This is one of the typical monochrome compositions of the painter Johann Heinrich Fussli or Fuseli. Specifically, we are dealing with a work of an eminent romantic nature and which is titled with the grandiose title of The artist overwhelmed by the greatness of the classical ruins.
The artist overwhelmed by the grandeur of the classical ruins of Fussli
An image that is currently kept in the Kunsthaus in the Swiss city of Zurich, his birthplace in 1741, although much of his artistic career he made it in Great Britain, in fact he even died in London in 1825.
An artistic career in which he engaged not only in painting and drawing, but also in numerous writings and practiced as an art historian. Both his literary ability and his interest in art history are evident throughout his career. Without going any further, in this image made between 1778 and 1780, his reverence forclassical artis very clear.
It presents us with an image that is above all very symbolic, since we see the artist completely dwarfed, overwhelmed before some colossal ruins of classical statues of which we only see a foot and a hand. This marked disproportion is justified solely by the symbolic value of the drawing.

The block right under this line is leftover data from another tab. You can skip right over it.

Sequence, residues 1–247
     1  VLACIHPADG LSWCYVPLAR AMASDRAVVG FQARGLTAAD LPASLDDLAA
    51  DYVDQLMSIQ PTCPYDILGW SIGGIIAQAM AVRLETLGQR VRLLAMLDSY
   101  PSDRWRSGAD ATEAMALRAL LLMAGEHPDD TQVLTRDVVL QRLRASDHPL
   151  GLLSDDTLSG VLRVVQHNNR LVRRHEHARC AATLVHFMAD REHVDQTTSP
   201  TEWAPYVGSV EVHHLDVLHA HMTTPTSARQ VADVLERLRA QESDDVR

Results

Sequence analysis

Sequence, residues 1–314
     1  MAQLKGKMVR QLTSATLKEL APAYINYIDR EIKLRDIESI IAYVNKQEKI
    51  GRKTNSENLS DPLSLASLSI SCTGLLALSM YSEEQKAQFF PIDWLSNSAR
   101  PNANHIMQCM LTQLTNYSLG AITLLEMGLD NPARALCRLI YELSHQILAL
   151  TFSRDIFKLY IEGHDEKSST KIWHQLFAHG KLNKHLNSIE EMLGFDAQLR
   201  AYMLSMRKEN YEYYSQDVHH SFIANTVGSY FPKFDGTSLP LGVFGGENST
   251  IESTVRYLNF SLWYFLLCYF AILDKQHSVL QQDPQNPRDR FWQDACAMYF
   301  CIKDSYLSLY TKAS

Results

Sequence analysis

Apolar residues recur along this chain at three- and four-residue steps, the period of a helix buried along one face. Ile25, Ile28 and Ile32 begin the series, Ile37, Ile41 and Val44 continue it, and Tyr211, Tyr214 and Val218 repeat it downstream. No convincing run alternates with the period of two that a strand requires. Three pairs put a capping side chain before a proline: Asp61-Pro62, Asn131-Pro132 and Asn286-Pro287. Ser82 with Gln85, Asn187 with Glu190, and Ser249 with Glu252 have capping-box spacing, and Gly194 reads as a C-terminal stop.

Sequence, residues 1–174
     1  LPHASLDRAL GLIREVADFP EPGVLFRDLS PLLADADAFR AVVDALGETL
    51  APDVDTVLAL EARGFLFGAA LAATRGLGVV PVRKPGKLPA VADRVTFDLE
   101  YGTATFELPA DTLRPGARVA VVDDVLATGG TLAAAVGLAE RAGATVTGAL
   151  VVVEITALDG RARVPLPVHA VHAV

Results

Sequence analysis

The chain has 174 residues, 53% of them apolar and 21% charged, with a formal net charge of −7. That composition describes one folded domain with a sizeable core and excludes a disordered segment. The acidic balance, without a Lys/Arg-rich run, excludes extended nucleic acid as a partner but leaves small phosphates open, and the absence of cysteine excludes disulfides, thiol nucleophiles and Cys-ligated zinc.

Aapproach of disproportions that we also see in another very similar work, but this time with literary inspiration, since it would be Dante and Virgil descending into hell. A very romantic theme, which would also be developed years later by the greatest of the romantic painters, Eugene Delacroix, author of the famous Dante's Barque of 1822, also inspired by the work The Divine Comedy.
The truth is that the vast majority of works by Fussli have a literary inspiration, many of them set in the stories of the quintessential English writer, William Shakespeare, who served him on whose plays some of his most famous creations are based, such as his painting The Trial of Titania.
Dante and Virgil according to Fussli